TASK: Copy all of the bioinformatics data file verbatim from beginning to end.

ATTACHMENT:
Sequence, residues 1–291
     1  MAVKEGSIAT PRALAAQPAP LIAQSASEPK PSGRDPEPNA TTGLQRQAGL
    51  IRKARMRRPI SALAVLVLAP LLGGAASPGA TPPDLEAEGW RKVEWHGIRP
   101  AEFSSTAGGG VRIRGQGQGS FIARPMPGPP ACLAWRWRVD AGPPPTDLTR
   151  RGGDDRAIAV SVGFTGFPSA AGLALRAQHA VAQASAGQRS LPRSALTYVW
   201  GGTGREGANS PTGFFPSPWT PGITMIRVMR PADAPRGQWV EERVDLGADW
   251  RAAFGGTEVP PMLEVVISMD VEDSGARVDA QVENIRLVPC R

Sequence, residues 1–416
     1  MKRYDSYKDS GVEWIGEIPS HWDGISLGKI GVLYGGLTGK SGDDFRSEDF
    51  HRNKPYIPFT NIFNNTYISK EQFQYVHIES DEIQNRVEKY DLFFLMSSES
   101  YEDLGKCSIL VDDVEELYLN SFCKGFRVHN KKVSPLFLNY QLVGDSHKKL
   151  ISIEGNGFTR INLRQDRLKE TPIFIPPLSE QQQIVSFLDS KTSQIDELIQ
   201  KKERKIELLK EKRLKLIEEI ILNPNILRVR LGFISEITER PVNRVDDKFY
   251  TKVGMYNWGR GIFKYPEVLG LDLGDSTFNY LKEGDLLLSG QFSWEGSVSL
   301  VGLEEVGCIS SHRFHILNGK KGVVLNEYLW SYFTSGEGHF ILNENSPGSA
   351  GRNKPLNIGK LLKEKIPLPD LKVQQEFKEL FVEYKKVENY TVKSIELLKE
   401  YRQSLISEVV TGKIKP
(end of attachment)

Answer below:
Sequence, residues 1–291
     1  MAVKEGSIAT PRALAAQPAP LIAQSASEPK PSGRDPEPNA TTGLQRQAGL
    51  IRKARMRRPI SALAVLVLAP LLGGAASPGA TPPDLEAEGW RKVEWHGIRP
   101  AEFSSTAGGG VRIRGQGQGS FIARPMPGPP ACLAWRWRVD AGPPPTDLTR
   151  RGGDDRAIAV SVGFTGFPSA AGLALRAQHA VAQASAGQRS LPRSALTYVW
   201  GGTGREGANS PTGFFPSPWT PGITMIRVMR PADAPRGQWV EERVDLGADW
   251  RAAFGGTEVP PMLEVVISMD VEDSGARVDA QVENIRLVPC R

Sequence, residues 1–416
     1  MKRYDSYKDS GVEWIGEIPS HWDGISLGKI GVLYGGLTGK SGDDFRSEDF
    51  HRNKPYIPFT NIFNNTYISK EQFQYVHIES DEIQNRVEKY DLFFLMSSES
   101  YEDLGKCSIL VDDVEELYLN SFCKGFRVHN KKVSPLFLNY QLVGDSHKKL
   151  ISIEGNGFTR INLRQDRLKE TPIFIPPLSE QQQIVSFLDS KTSQIDELIQ
   201  KKERKIELLK EKRLKLIEEI ILNPNILRVR LGFISEITER PVNRVDDKFY
   251  TKVGMYNWGR GIFKYPEVLG LDLGDSTFNY LKEGDLLLSG QFSWEGSVSL
   301  VGLEEVGCIS SHRFHILNGK KGVVLNEYLW SYFTSGEGHF ILNENSPGSA
   351  GRNKPLNIGK LLKEKIPLPD LKVQQEFKEL FVEYKKVENY TVKSIELLKE
   401  YRQSLISEVV TGKIKP